2. Universal suffrage.

3. Separation of powers.

4. The option to amend the constitution itself.

The right to work, rejected after long debates while discussing Article 8, has been reproduced in more or less explicit terms in Article 13.

Indeed, what is this but the right to assistance, recognised by the constitution in all cases where work is found to be lacking, but unemployment benefit? And what else is the promise of job creation by credit institutions, by the organisation of public workshops, if not the guarantee of work within the scope of human capability, of social capabilities?

As for universal suffrage, it does not say much other than declare it. It organises nothing. Universal suffrage, applied as one has just done, and we have seen and know from experience, is an excellent institution to talk down to the people, not to know what they think but what one wants of them. With universal suffrage, defined as it is in the constitution, the people will vote by turns for monarchy and republics, religion and atheism, freedom and servitude, equality and privilege. This is how the patriotic mean to run everything!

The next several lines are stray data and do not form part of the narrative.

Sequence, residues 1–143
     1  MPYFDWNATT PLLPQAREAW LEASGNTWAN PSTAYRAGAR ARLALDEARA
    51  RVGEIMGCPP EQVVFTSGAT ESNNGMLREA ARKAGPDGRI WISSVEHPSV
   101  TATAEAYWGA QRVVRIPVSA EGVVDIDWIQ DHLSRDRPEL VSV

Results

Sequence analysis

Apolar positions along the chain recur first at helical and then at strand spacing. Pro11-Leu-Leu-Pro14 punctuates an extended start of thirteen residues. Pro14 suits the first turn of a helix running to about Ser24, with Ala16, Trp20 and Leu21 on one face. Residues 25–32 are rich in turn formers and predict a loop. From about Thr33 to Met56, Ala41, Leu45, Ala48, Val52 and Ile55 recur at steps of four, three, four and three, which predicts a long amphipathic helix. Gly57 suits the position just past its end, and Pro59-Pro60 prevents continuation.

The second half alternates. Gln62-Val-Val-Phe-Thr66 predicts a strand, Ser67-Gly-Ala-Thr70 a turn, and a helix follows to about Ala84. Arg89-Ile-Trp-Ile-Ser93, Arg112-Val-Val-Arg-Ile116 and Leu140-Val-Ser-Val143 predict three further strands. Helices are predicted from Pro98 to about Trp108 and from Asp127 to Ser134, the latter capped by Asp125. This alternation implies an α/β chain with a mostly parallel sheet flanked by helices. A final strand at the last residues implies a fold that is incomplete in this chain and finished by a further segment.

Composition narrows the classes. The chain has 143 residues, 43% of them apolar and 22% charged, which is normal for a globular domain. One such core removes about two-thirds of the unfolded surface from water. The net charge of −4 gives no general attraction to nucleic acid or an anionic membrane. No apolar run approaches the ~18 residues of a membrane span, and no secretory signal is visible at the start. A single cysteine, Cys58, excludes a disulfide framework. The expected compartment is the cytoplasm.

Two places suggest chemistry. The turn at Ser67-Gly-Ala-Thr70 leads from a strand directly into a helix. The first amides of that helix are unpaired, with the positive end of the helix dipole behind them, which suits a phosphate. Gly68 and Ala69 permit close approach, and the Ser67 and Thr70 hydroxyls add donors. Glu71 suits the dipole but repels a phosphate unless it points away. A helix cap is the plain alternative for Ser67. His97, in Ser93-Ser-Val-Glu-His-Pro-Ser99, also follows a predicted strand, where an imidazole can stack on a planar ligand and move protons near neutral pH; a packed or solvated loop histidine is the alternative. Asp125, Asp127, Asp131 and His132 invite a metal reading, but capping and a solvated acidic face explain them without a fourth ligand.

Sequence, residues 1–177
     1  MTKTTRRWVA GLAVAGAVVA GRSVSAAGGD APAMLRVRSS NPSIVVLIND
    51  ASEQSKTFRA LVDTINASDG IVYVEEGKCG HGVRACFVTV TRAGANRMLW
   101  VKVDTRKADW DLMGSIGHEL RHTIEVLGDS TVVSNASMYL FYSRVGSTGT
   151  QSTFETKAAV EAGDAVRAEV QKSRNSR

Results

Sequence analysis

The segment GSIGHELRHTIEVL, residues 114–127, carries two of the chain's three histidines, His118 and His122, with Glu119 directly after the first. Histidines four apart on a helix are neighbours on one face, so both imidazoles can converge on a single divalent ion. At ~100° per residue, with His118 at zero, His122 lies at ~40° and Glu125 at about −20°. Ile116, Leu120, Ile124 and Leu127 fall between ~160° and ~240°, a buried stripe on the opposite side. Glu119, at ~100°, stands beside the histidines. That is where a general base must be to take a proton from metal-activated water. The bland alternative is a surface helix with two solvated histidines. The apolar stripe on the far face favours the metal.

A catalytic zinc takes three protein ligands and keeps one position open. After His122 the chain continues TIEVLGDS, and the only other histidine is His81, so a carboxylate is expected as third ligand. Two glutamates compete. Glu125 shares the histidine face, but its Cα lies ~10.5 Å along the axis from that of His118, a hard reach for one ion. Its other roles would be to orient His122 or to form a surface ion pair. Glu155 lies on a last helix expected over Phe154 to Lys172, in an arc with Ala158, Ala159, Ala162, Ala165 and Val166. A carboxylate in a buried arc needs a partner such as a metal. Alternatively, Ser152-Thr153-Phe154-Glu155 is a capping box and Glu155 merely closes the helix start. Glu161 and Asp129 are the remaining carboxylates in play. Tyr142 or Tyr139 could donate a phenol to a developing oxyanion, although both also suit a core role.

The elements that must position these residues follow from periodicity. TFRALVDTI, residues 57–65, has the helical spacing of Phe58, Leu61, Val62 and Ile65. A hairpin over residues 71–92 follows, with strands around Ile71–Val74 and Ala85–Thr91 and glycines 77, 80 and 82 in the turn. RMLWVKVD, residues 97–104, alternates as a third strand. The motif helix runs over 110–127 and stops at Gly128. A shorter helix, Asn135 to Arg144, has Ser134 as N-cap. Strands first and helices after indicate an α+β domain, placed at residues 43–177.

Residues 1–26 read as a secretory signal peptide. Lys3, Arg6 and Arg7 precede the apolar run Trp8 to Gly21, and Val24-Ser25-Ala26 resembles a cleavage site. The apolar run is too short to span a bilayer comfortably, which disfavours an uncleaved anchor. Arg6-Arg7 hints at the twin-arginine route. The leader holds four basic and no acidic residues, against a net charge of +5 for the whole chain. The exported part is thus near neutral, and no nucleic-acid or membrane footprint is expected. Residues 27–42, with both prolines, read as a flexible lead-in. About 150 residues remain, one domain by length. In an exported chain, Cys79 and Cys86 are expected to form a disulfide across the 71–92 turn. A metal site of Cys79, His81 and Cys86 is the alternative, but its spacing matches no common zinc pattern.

The separation of powers is a hangover from what we call POLITICS, something that is only the eternal deception of liberty. It is the division of what is, moreover, more radically indivisible, of that whose division implies contradiction, the will of the sovereign. In society, as in man, functions are diverse but the will is essentially one: the National Assembly is not arranged in this way. The fear of despotism has thrown it into antagonism, into chaos.

But after having sown division into the state and confusion into universal suffrage, the National Assembly had to make the best of all this by reserving for itself the right to amend the constitution. Thanks to this ability, we are from now on able to realise all social, political and legislative reforms, without conflict or catastrophe.